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Re: X11 Colors (was Last call comments on CSS3 module: color)

From: Steven Pemberton <steven.pemberton@cwi.nl>
Date: Thu, 23 May 2002 10:58:07 +0200
Message-ID: <02a201c20237$f6226020$2102a8c0@srx41p>
To: Tantek «elik <tantek@cs.stanford.edu>, <www-style@w3.org>
Cc: "HTML WG" <w3c-html-wg@w3.org>, "Andrew Clover" <and@doxdesk.com>
From: "Tantek «elik" <tantek@cs.stanford.edu>
> > The X11 colour names are an abomination that should have been stifled at
> > birth, and adding them to CSS is a blemish on the otherwise excellent
design
> > of CSS.
>
> Would they not be a blemish on other W3C specs then?

Absolutely! And I think the CSS group should lead the way and show how it
*should* be done, rather than slavish following some brain-dead design from
tens of years ago, allowing future versions of those other specs to correct
their mistakes in the future through deprecation. It takes a long time, but
we have seen that it can happen.

> > To say that the X11 colour set and their names have been 'designed' is
an
> > insult to the word "design". It is just a mess.
>
> I don't know the history behind the X11 color set, nor do I know the
> reasoning behind why they were implemented in the earliest graphical
> browsers (Mosaic etc.), nor why they were widely adopted by web authors.

Well, the need for named colours is clear. The first Mosaic was on X right?
So it is not surprising that they just used an existing name set that worked
out of the box. I use names whenever possible because they are more usable,
so it is not surprising that people use them. Which is all the more reason
for giving them a good set of names.

> But, that doesn't refute the fact that
>
> 1. the X11 color set has been widely consistently implemented for many
years
> 2. colors in the X11 colors set have been used by web authors in documents
> for many years.
> 3. the X11 color set has already been standardized by W3C[1]

I can name a dozen features of HTML that also fulfil all these properties,
but that we are nevertheless ruthlessly consigning to the garbage can of
history where they belong.

> One intent of CSS3 Color is provide some harmonization between the color
> features in SVG and CSS.  The X11 colors are a part of that.

And shouldn't be. Two messes do not make a clean design.

> Yes, the X11 color set has already been accepted through the last call
> process TWICE already (SVG 1.0, SVG 1.1) and for that reason alone they
will
> be included in CSS3 color - indeed, CSS implementations of X11 color
predate
> SVG implementations by quite some time.

Nah. Now's the time to realise the mistake of including them in SVG and
design a robust route towards a better solution.

> > Let me just describe some of the problems:
>
> Problems acknowledged, and there is no intent to alter or add to the list
of
> X11 colors for exactly this reason.

What a missed chance! You could have added some of the Crayola colours, and
made the set even worse! What about Electric Lime, Purple Pizzazz, Razzle
Dazzle Rose, Unmellow Yellow, Magic Mint, Radical Red, Sunglow and Neon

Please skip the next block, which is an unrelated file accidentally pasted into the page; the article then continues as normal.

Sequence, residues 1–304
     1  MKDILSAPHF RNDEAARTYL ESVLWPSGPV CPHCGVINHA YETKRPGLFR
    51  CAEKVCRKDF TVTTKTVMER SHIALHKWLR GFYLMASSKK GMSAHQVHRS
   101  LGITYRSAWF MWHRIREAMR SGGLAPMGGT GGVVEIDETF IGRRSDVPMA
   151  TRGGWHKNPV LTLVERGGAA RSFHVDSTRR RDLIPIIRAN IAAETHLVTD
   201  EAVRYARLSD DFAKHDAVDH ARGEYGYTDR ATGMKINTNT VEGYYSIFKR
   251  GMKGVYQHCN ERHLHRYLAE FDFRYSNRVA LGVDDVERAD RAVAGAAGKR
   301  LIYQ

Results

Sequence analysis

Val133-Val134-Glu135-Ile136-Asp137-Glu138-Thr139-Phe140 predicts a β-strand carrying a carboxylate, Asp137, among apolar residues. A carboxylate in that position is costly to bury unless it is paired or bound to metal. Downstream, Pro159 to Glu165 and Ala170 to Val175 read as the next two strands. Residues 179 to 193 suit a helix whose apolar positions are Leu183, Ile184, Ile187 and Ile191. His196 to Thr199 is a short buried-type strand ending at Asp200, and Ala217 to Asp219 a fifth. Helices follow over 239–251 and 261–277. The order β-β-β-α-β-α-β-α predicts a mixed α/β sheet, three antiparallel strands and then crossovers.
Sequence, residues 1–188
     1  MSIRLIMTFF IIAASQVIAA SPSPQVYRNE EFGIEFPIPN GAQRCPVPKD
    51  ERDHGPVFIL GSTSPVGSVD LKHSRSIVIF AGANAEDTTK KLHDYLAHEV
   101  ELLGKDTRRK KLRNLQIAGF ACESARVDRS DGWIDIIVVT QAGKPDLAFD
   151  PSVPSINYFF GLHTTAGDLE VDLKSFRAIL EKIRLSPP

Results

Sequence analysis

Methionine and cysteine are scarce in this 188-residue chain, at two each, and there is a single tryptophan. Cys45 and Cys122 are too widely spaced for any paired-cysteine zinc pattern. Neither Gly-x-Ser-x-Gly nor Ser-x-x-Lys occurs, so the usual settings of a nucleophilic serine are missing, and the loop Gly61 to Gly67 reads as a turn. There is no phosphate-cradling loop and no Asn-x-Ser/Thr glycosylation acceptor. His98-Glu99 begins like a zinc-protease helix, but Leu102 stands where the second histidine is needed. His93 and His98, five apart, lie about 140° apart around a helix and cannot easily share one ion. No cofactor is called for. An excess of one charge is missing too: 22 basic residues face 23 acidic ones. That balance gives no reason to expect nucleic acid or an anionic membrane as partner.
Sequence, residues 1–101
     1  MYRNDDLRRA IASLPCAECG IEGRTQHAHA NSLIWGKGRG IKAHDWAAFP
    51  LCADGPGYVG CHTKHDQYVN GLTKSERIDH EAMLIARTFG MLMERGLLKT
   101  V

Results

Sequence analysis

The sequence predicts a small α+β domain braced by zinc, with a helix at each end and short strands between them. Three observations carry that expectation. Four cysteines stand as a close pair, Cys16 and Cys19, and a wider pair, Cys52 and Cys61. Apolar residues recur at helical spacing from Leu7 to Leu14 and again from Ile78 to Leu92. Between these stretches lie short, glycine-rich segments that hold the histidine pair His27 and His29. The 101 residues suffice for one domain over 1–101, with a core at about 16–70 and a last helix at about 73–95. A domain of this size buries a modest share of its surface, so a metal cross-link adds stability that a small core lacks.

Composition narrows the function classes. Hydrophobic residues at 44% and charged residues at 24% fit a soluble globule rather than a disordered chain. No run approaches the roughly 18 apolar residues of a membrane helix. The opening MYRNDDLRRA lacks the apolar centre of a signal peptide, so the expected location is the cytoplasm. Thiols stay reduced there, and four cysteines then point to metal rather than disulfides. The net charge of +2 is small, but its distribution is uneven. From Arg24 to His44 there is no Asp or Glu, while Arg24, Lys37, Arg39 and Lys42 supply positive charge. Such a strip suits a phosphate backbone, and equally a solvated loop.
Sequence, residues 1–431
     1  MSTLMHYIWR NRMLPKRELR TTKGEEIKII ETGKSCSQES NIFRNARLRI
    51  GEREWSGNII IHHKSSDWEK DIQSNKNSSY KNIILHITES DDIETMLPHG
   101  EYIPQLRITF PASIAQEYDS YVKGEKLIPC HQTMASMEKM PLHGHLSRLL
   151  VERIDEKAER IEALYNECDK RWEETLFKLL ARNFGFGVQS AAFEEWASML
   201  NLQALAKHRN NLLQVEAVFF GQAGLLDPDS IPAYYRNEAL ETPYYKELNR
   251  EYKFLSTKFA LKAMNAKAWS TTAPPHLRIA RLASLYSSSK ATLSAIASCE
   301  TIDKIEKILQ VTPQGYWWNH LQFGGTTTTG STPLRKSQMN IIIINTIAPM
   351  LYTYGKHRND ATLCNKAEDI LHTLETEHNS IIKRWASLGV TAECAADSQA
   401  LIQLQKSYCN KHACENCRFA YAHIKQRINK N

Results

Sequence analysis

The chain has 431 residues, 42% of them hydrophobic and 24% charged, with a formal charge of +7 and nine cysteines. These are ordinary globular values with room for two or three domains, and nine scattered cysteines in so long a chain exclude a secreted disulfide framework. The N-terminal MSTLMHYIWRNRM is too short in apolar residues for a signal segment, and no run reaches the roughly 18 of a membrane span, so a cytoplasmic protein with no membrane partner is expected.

Carrot? What about Macaroni and Cheese? We have a right to these colours!
Crayola says they're amongst America's favourite 50 colors! How can we even
think of leaving them out?

> > 1) Take the standard 6x6x6 internet non-dithering color cube that is
> > implemented everywhere, and agree on names for each of the colors there.
>
> Not an undertaking the CSS wg is interested in I'm sure.

But they have been widely consistently implemented for many years and used
by web authors in documents for many years. It is time to standardise them!
Web authors need something to refer to!

> > 2) Take a consistent naming scheme that properly addresses all
dimensions of
> > the color space, and map this naming scheme algorithmically to
appropriate
> > colours. For instance:
[...]

> A good attempt at improvement, but this is far too big an addition to add
to
> CSS3 Color at Last Call in my opinion.  We should keep it as a proposal
for
> the next version.

Actually just a codification in words of the hsla() notation, so not a big
deal.

22/02 7:19 AM, In a reply to "Andrew Clover" <and@doxdesk.com>:

> Could you name something else non standard that is as or more widely
> supported?

<embed> springs immediately to mind.

> The reasoning behind including the X11 colors is very much the same as
that
> that went into HTML 3.2 - codifying current practice.

Which was right at that time. And that time is now past.

> > There is no reason to
> > make them a requirement of a CSS3 implementation.
>
> They are not a requirement of a CSS3 implementation.  CSS3 is a set of
> modules.  Requirements for an implementation are documented through
> profiles.  Example profiles are provided in the modules.

So you're suggesting that if we don't want the X11 colours, we can just
leave the colour module out?

>
> > Authors should not be encouraged to use the X11 colours.
>
> Why?

'Cause they're badly designed, badly distributed over the spectrum, wrongly
named, include cultural references, ... see my earlier mail.

Steven
Received on Thursday, 23 May 2002 04:58:53 GMT

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